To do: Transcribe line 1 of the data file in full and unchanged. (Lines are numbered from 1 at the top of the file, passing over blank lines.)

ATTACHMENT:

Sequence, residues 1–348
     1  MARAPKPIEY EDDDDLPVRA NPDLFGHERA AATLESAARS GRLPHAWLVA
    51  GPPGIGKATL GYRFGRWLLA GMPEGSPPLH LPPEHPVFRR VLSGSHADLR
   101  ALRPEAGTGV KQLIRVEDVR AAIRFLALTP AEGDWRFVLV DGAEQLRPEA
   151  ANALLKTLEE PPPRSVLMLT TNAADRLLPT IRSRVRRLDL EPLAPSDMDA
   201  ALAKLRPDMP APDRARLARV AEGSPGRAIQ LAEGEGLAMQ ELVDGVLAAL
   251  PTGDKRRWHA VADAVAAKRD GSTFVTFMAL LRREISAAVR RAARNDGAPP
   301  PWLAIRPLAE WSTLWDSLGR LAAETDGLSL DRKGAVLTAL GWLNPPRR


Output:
Sequence, residues 1–348